The Passing Bell

THE solemn and impressive custom of announcing death by the tolling of the church bell will soon be but a vague and distant memory. “ The passing bell” has itself passed away, and its slow measured accents no longer tell the story of the departure of one more soul.

We do not miss the sound, for we are far too busied with our individual interests to pause and count the strokes which shall convey to us the age of the departed. A few lines in the daily paper serve the same purpose better, and are not thrust upon us unless we choose to read them. It is not necessary to toll a bell in order to spread the news that one has died, and the sound is displeasing to many utilitarian ears ; and so the bell stops swinging.

But the brief notice in the daily paper, while it conveys explicit information, fails to give something that the bell’s tolling carried with it. The solemn rhythmic tones awakened a momentary vibration in the breast of every listener, and bade each pause for sympathy and meditation. The bell admonished the sinner to repent, and warned the thoughtless to take heed and mend his ways. It spoke clearly and comprehensively, and bade all scattered and preoccupied inhabitants attend its story.

The bell’s voice is identified with all the deepest and most sacred human emotions. It has spoken the joys and sorrows of all mankind for centuries. Is its voice to die away and have no part in the life of the future ?

The wedding bells ring out no more save in some song or story. The Christmas chimes are seldom wafted to our ears. The church bells ring but faintly now, and under constant protest. “ The curfew tolls the knell of parting day ” only in verse ; a sunset gun to-day gives greater satisfaction. The Angelus sounds merely in pictorial form. The fire bells give place to still alarms. The dinner bell is silenced in polite society, and sleigh bells are discarded.

What is the future of the bell ? That happy silver tongue that has sung out the joys of all the world ; that solemn tone that has mourned for the nations’ dead, and voiced the nations’ woes, and summoned to their knees the nations’ worshipers ! That faithful servant that has flung upon the breezes God’s messages to men, men’s thankfulness to God, and has declared a great and glorious nation free !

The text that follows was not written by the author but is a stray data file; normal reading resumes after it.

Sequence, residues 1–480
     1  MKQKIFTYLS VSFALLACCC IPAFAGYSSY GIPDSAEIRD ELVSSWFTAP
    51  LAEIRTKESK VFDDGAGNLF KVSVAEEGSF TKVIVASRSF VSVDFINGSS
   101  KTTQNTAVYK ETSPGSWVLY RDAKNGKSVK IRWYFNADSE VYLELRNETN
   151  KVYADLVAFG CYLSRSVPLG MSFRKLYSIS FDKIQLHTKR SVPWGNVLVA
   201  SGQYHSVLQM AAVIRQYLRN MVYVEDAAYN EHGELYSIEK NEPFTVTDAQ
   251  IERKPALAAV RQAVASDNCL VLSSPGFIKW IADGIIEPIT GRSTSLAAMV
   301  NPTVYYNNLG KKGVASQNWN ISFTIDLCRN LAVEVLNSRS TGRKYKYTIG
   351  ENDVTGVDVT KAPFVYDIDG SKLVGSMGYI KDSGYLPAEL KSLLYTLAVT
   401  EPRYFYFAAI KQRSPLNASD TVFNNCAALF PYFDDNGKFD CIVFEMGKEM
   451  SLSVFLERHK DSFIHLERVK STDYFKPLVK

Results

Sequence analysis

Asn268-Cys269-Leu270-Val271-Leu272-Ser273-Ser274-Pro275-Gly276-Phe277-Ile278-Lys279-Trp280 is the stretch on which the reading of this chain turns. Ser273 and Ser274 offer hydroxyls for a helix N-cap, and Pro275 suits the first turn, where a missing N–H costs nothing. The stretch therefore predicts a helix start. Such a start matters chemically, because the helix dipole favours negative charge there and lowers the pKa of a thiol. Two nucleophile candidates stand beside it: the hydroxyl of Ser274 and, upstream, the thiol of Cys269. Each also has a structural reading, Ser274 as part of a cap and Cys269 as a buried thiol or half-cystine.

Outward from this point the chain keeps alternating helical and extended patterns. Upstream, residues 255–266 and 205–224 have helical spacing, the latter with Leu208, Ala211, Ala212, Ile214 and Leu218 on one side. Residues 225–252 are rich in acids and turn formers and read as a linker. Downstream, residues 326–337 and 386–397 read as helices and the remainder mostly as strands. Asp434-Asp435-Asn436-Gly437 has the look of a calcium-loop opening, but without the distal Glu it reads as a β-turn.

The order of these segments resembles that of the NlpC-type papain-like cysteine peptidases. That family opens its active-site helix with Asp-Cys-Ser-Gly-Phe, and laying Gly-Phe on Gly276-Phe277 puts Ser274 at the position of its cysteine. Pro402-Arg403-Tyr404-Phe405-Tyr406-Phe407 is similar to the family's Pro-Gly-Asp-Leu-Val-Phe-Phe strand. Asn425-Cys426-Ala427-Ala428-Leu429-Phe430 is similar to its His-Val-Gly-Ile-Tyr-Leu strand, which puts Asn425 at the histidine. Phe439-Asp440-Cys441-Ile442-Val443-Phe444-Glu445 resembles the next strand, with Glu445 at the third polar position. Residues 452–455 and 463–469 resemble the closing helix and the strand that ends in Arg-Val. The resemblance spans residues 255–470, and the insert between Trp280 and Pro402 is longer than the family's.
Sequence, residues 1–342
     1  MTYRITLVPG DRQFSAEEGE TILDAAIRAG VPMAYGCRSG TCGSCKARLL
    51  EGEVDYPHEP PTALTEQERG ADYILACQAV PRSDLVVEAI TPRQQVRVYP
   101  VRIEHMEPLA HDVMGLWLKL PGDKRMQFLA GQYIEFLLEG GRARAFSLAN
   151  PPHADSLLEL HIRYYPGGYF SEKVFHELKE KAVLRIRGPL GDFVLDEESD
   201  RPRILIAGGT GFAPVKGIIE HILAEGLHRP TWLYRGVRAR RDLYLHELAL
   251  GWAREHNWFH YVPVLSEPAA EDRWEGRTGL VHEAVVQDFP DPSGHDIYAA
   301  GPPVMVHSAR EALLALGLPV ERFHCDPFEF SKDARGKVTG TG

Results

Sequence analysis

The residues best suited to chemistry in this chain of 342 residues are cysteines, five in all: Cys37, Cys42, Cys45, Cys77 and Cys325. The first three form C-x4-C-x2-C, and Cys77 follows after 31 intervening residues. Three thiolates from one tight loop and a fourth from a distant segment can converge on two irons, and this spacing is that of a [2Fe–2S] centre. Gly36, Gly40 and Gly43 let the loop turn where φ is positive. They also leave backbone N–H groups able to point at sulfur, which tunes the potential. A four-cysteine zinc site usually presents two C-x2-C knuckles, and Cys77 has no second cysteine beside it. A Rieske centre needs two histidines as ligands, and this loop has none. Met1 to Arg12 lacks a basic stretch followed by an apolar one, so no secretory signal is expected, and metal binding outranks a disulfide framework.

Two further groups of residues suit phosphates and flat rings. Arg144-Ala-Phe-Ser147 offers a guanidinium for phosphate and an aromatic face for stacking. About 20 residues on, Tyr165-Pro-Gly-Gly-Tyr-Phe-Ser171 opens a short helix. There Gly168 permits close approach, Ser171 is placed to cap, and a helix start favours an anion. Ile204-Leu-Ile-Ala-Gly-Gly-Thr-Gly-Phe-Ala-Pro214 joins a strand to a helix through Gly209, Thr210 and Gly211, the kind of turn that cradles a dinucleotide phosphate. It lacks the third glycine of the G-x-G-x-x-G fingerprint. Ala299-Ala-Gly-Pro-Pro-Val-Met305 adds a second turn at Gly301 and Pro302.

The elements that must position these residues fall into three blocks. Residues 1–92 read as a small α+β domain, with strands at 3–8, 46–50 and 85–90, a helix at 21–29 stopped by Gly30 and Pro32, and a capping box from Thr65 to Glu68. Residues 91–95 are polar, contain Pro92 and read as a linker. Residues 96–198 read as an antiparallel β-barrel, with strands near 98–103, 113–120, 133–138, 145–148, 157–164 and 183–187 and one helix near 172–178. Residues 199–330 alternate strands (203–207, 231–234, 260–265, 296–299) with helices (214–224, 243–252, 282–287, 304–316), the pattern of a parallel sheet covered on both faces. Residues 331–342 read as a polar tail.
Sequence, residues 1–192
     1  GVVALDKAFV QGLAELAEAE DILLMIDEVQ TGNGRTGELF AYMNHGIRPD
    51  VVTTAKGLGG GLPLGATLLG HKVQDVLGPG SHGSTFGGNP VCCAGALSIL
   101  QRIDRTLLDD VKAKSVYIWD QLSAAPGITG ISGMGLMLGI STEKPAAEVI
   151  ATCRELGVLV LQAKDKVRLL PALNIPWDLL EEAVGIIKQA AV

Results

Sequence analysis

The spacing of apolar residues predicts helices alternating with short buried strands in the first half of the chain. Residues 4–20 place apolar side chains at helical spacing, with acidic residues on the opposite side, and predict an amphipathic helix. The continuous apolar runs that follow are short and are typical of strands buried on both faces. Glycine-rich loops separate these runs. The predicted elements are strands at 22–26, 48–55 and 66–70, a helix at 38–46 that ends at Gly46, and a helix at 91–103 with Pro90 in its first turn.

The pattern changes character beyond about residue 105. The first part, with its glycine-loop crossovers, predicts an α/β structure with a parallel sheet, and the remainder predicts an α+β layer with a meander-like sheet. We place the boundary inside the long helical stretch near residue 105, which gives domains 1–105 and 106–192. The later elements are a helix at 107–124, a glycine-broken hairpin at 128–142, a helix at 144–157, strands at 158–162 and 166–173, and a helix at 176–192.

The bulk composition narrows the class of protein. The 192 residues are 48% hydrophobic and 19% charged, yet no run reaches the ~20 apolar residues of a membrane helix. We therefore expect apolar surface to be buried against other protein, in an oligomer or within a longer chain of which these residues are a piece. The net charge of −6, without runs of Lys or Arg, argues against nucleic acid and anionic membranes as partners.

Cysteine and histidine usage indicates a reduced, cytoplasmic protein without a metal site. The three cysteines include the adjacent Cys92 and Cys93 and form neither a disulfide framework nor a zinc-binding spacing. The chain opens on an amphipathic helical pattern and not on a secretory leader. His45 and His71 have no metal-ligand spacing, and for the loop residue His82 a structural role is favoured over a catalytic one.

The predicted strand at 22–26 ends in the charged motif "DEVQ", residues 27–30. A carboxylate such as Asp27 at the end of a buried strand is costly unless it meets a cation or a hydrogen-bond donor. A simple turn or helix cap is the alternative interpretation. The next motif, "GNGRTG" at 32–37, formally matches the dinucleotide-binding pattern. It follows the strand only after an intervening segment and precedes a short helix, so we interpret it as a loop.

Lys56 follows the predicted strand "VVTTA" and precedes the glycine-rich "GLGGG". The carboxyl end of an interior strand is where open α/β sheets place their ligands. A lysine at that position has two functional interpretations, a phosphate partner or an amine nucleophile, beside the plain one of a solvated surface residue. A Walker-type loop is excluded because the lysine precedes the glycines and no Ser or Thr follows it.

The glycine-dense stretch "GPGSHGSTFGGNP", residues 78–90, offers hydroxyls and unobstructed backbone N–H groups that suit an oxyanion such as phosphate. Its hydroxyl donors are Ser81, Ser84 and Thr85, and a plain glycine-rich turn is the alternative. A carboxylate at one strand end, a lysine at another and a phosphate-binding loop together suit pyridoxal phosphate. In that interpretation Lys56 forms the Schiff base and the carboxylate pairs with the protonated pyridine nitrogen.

Must it toll slowly its own passing, and murmur its inevitable doom ? We may exclaim with Tennyson,

“ Ring out the old,”

but we must pause ere we assert,

“ Ring in the new.”

The “ new ” will doubtless come to us in a far different way. It may be clicked out on a telegraphic instrument, or whispered in our ears by telephonic connection, or flashed before our sight by heliographic phenomena.

In the din of modern civilization, amid the rattle and the rumble, the tooting and the screeching, and all the various discordant noises that rise to heaven, the tolling of the bell grows fainter, and still more faint.

Shall its rhythmic music die away altogether ?

Its fading echoes waft from us something that many years of civilized invention cannot supply, for with the “ passing of the bell ” a flock of graceful sentiments take flight, and soar away as swiftly as did the “ winged steed ” when freed from his detention in the dreary village pound.

“ The silent organ
Loudest chants the master’s requiem.”